The beauty of true free speech is that it allows bigots and assholes a stage on which to prove to the world that they are bigots and assholes. If it is the bigot’s free choice to say awful things, then everyone else has the free choice not to do business or associate themselves with someone who is such a dick. That’s not Stalinism, or Thought Police, that’s just dealing with the consequences of being a jerk. You have the right to be a jerk, and we have the right to call you out on it.


Now, there is real oppression in this society. Gay people have been denied equal rights and recognition for years, and in the past couple decades, there have been huge campaigns aimed at making sure these rights are denied for as long as possible. That is oppression. That is persecution. That is an example of people using the government and its laws for the sole purpose of keeping someone they don’t like from having equality.


Sometimes I wonder what, deep down, is actually is the logic of the bigot? Maybe, since gay people are already used to being oppressed, they should be able to deal with the fact that Eich spent money to try and continue their oppression. I mean, they get denied rights, beat-up, dragged behind cars, taunted into committing suicide, all on a fairly regular basis. Therefore, saying or doing something that helps perpetuate that oppression, while also reminding these people that many still view them as second-class citizens, is just normal. Just free speech. But when a straight, white, wealthy man, like Mr. Eich, is suddenly targeted for something (maybe for the first time in his life), it’s a travesty, because he isn’t used to being oppressed. That means it hurts way more when it happens to him! Thought Police! They’re burning the Bill of Rights! Pretty soon we won’t be able to say anything anyone disagrees with, unless we want Chairman Obama’s stormtroopers busting down our door! See, people who are used to being persecuted by society should be able to handle the constant reminders of that oppression, because they’ve grown a thick skin by this point, while lucky, privileged assholes like Mr. Eich aren’t used to being called-out on their bullshit, so we just shouldn’t do it.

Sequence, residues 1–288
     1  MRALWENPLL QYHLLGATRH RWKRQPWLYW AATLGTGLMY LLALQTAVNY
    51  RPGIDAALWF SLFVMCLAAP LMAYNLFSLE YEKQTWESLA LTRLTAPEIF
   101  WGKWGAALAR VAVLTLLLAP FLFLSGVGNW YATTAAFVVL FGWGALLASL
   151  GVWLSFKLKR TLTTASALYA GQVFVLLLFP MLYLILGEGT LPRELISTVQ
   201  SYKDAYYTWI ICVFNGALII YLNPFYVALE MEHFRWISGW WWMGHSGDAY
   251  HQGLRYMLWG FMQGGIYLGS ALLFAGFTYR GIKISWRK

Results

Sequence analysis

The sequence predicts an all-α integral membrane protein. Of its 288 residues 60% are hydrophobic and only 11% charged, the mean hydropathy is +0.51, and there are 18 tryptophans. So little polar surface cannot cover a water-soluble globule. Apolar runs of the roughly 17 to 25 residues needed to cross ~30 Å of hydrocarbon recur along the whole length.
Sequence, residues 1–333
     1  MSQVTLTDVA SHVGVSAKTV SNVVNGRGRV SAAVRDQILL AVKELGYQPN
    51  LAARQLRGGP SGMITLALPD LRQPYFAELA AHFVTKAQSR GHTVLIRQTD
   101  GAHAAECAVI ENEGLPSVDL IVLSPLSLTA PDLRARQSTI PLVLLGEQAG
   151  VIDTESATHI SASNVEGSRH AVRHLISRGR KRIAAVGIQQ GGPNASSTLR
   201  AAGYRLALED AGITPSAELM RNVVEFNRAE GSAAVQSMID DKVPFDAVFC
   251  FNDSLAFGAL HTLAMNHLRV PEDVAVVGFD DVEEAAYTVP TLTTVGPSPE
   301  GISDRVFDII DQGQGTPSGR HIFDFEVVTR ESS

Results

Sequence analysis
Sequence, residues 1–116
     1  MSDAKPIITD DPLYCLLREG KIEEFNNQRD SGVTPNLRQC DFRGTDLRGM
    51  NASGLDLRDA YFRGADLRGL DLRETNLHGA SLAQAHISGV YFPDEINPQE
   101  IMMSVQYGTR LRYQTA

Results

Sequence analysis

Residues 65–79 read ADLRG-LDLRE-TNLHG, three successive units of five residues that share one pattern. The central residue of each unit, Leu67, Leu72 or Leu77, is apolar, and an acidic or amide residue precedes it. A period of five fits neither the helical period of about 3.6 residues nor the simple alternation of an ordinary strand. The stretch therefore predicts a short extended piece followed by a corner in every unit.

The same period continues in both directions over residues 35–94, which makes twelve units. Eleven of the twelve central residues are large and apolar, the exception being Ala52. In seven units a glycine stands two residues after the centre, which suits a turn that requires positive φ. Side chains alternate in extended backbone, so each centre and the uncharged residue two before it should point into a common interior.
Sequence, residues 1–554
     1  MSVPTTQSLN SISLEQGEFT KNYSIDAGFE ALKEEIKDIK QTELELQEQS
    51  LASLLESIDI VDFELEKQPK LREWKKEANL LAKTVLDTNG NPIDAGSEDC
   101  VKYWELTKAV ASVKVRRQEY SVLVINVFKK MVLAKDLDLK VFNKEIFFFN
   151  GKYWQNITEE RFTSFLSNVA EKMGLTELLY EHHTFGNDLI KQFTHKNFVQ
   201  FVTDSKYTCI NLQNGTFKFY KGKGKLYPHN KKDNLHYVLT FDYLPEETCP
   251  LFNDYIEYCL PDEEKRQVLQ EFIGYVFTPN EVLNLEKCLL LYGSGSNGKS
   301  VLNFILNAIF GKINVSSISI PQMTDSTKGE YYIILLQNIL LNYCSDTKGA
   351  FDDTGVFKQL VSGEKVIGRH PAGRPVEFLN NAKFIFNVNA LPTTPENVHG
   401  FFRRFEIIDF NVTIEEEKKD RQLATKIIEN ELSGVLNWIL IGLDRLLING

This raises the other question of, who, exactly, are acting like the Thought Police here? Who is actually impeding freedom of speech? Is it the people who react to a bigot’s bigotry, by using their own free speech to criticize him? Or is it the bigots who turn the language around to try and make themselves look like victims, when what they are really saying is, “we should be free from criticism.” That sounds like they’re trying to deny my free ability to call a spade a spade, or in this case, an asshole and asshole.


The result of all this hullabaloo is that Eich will continue being a homophobe if he wants to, a fabulously wealthy and successful one at that, and because of words and actions by people like him, another American minority will face more struggle and have to fight harder to be recognized as full-fledged citizens. You bigots, and bigot sympathizers, will continue to have the right to spew your hate speech, and the rest of us will continue to have the right to shame you for being such pricks. That’s how free speech and public debate works. So, fuck you.